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The New Nature of AgriStability


AgriStability is changing; the nature of this government program and the logistics of what it offers producers are being substantially altered in a way that will affect current and future participants. And while there has been media coverage of the changes, and information released directly from the government, the sheer bulk of that information, heavily weighed down by percentages and opinions may make it hard for many producers to decipher the best course of action for their operations. Especially since much of the media coverage has been negative.

Yes, producers need to understand fully the changes and how they affect them but what is critical to understand is that the whole nature of these programs has shifted.

The reality is that the programming is evolving from a government subsidy that producers have come to rely upon and now more closely resembles an insurance or risk management product. This will require a shift in producers' thinking. Instead of thinking that they need to get more money (in some cases a lot more) out of the program over time than they put into it (the government subsidy view), they will need to consider the size of the reference margin they are protecting and whether they have the resources to survive significant drops in their current performance and continue to keep their businesses afloat in the process (the insurance view).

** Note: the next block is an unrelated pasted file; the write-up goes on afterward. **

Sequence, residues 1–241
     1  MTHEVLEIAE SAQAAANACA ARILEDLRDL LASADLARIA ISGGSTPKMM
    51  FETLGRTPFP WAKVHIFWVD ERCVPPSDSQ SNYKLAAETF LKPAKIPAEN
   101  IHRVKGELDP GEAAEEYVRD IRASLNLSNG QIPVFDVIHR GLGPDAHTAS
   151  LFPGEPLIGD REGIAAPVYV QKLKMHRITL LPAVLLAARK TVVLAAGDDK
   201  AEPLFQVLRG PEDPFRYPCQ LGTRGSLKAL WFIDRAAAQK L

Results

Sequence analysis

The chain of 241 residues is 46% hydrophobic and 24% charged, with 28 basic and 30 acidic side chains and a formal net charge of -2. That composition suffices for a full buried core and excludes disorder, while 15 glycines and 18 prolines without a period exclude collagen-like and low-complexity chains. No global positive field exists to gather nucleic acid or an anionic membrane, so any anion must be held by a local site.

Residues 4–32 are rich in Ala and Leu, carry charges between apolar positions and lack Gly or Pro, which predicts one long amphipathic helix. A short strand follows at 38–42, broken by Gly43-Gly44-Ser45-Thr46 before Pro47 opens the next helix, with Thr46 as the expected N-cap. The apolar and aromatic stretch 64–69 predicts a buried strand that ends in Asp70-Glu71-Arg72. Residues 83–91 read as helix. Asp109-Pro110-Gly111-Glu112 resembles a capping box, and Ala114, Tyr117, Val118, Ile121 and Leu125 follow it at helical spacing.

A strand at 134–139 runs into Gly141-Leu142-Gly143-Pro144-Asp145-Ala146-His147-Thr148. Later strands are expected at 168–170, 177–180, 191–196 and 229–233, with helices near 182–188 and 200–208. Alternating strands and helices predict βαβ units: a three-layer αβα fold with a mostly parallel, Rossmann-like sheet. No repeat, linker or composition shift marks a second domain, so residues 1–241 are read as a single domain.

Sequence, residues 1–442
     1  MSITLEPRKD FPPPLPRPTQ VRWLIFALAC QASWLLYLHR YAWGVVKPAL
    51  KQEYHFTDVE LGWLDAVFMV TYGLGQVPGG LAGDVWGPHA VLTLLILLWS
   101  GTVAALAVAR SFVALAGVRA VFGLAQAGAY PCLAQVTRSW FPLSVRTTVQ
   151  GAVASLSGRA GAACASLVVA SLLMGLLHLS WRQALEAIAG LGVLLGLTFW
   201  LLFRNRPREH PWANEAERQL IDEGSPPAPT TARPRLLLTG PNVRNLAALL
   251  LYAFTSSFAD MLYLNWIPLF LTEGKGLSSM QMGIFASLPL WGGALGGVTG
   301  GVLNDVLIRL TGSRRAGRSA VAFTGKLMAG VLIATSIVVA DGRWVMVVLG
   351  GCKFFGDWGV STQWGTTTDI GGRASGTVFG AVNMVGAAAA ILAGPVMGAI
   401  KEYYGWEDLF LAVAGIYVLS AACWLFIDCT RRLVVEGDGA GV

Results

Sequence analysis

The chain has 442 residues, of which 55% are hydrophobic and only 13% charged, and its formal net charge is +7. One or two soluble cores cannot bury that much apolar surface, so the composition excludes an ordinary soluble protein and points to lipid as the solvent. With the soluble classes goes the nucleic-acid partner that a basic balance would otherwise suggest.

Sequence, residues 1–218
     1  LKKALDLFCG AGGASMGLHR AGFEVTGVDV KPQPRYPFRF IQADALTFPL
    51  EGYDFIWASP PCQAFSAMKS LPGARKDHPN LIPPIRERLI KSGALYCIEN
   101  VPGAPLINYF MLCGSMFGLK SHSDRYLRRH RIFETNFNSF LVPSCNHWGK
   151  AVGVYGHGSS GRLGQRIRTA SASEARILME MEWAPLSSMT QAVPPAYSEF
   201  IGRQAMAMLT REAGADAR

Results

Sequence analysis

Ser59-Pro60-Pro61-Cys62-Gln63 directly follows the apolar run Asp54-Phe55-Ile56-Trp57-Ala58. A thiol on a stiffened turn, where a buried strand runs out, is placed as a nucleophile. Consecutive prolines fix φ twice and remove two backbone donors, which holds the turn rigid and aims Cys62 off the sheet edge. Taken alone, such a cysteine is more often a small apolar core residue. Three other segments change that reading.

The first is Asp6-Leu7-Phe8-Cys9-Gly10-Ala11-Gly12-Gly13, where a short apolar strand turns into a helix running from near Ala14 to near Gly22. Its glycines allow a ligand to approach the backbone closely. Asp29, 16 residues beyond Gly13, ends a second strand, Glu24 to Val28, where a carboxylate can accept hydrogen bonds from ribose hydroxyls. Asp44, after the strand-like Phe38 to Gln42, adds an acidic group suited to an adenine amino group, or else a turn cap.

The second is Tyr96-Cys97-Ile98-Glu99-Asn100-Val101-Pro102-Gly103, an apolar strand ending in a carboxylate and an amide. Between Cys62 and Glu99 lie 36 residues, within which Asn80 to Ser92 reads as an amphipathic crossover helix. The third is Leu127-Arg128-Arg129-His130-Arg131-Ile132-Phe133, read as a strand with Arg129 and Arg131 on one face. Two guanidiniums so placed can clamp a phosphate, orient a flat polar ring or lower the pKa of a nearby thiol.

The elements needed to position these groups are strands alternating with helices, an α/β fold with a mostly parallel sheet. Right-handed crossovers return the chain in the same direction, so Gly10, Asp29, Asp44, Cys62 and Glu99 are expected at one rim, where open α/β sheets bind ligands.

Producers have to understand that for some industries (grain and beef especially) reference margins have increased significantly over past two or three years. As a result, even though the coverage has been reduced from 85% to 70%, they have much larger program margins that they are protecting.

Producers on the grain side will argue that they already have protection through production and hail insurance; however, they have to look at their specific margin and understand that, generally, Agristability may cover significant drops in their profits not just their production.

In the livestock industries, there are very few insurance products out there and AgriStability may be their only way to ensure they are protected from future significant losses.

In other words, AgriStability is in place to recover from a financial wreck, not small reductions in profit. And while these changes won’t be welcome by everyone (in my personal opinion, they have downgraded a great program to one that is merely good), the benefits of participation still exist for many producers.

The deadline for applying for 2013 AgriStability is April 30, 2013. The best advice is to take time to work with your advisor and determine how this program fits in with your risk management strategy.

To read more on Growing Forward 2: AgriStability and AgriInvest, check out Steve Funk's article in the Western Producer here.